LIWC Dictionary (Linguistic Inquiry and Word Count)

The LIWC dictionary used in this demonstration is composed of 5,690 words and word stems. Each word or word stem defines one or more word categories. For example, the word 'cried' is part of four word categories: sadness, negative emotion, overall affect, and a past tense verb. Hence, if it is found in the target text, each of these four category scale scores will be incremented. As in this example, many of the LIWC categories are arranged hierarchically. All anger words, by definition, will be categorized as negative emotion and overall emotion words.

Each of the 69 preset LIWC categories used in this demo is composed of a list of dictionary words that define that scale. The table below provides a comprehensive list of these LIWC categories with sample scale words.

LIWC Dimensions and Sample Words




Pronouns I, them, itself
Articles a, an, the
Past tense walked, were, had
Present tense Is, does, hear
Future tense will, gonna
Prepositions with, above
Negations no, never, not
Numbers one, thirty, million
Swear words *****


Social Processes talk, us, friend
Friends pal, buddy, coworker
Family mom, brother, cousin
Humans boy, woman, group
Affective Processes happy, ugly, bitter
Positive Emotions happy, pretty, good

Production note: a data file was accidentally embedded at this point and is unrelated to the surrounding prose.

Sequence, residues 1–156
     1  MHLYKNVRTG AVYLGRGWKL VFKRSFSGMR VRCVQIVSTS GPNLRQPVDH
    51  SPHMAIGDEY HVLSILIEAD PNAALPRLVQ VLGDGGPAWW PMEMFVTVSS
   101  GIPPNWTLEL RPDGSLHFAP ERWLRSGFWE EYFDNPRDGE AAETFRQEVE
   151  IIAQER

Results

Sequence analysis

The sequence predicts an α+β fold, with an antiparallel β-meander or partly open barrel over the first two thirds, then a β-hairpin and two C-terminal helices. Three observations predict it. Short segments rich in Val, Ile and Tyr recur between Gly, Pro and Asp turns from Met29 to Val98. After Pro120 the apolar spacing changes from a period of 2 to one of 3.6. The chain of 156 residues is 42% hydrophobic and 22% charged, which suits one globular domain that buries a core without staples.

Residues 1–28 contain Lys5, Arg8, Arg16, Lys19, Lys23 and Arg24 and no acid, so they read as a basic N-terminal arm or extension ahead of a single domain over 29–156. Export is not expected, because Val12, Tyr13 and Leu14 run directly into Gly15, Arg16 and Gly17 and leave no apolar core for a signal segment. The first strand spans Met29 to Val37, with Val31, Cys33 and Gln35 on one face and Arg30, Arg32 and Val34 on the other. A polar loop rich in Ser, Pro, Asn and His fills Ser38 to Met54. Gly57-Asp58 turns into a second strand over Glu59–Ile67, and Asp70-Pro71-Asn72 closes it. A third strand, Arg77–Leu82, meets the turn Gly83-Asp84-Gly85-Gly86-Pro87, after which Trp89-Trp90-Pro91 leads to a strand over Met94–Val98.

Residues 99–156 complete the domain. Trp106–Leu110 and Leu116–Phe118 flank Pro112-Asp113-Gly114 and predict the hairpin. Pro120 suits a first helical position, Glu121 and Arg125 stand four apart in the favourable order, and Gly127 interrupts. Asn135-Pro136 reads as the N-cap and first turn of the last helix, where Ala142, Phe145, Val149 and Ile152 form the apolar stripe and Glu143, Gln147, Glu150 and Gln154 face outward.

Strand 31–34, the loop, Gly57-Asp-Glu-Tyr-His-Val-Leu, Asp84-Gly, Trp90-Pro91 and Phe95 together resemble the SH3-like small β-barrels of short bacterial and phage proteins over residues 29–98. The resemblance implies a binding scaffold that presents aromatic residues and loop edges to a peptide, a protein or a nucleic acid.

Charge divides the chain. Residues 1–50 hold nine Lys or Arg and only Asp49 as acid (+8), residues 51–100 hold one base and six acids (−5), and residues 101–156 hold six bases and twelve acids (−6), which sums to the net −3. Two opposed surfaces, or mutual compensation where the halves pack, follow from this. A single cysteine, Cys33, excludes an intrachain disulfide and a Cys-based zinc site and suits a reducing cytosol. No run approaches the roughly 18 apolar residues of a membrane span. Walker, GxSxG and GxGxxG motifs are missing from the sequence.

Negative Emotions hate, worthless, enemy
Anxiety nervous, afraid, tense
Anger hate, kill, pissed
Sadness grief, cry, sad
Cognitive Processes cause, know, ought
Insight think, know, consider
Causation because, effect, hence
Discrepancy should, would, could
Tentative maybe, perhaps, guess
Certainty always, never
Inhibition block, constrain
Inclusive with, and, include
Exclusive but, except, without
Perceptual Processes see, touch, listen
Seeing view, saw, look
Hearing heard, listen, sound
Feeling touch, hold, felt
Biological Processes eat, blood, pain
Body ache, heart, cough
Sexuality horny, love, incest
Relativity area, bend, exit, stop
Motion walk, move, go
Space Down, in, thin
Time hour, day, oclock


Work work, class, boss
Achievement try, goal, win
Leisure house, TV, music
Home house, kitchen, lawn
Money audit, cash, owe
Religion altar, church, mosque
Death bury, coffin, kill


Assent agree, OK, yes
Nonfluencies uh, rr*
Fillers blah, you know, I mean

Selected References

Pennebaker, J. W. (1997). Writing about emotional experiences as a therapeutic process. Psychological Science, 8, 162-166.

Pennebaker, J.W., & Francis, M.E. (1996). Cognitive, emotional, and language processes in disclosure. Cognition and Emotion, 10, 601-626.

Pennebaker, J.W., & King, L.A. (1999). Linguistic styles: Language use as an individual difference. Journal of Personality and Social Psychology, 77, 1296-1312.

Pennebaker, J. W., Mayne, T., & Francis, M. E. (1997). Linguistic predictors of adaptive bereavement. Journal of Personality and Social Psychology, 72, 863-871.

Pennebaker, J.W. (2002). What our words can say about us: Toward a broader language psychology. Psychological Science Agenda, 15, 8-9.

Newman, M.L., Pennebaker, J.W., Berry, D.S., & Richards, J.M. (2003). Lying words: Predicting deception from linguistic styles. Personality and social psychology bulletin, 29, 5, 665-675.